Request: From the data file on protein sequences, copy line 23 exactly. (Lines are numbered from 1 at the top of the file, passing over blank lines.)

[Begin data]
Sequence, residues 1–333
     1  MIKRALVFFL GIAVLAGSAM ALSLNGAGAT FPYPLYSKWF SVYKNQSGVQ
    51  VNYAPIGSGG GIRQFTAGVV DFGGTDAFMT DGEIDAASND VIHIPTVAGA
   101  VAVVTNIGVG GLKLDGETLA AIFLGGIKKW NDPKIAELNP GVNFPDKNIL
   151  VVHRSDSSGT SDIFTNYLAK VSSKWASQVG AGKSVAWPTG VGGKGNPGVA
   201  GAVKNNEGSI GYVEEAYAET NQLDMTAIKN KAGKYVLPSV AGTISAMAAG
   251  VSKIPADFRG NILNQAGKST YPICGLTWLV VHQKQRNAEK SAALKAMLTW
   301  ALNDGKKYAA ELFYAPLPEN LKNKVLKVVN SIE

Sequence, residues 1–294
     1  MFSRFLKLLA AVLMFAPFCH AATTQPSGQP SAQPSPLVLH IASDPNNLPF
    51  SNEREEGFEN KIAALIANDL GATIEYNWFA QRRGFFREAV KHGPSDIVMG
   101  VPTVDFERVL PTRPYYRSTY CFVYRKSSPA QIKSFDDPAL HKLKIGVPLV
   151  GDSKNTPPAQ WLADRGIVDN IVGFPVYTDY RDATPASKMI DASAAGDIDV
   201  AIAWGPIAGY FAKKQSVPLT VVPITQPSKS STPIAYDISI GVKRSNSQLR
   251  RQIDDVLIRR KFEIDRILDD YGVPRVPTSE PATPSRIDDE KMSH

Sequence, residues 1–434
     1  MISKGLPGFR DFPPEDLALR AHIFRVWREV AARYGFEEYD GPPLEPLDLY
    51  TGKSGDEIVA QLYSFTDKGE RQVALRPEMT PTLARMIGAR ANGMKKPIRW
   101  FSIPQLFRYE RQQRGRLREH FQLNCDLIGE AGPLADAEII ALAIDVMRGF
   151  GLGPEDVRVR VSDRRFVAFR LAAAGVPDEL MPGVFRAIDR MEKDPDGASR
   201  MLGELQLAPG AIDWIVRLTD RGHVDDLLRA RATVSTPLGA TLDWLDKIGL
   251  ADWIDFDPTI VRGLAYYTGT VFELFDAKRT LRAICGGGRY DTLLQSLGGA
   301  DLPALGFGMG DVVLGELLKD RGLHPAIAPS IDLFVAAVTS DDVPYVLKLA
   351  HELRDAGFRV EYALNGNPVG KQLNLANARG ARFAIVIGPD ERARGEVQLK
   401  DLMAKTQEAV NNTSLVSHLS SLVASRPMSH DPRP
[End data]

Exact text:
   301  DLPALGFGMG DVVLGELLKD RGLHPAIAPS IDLFVAAVTS DDVPYVLKLA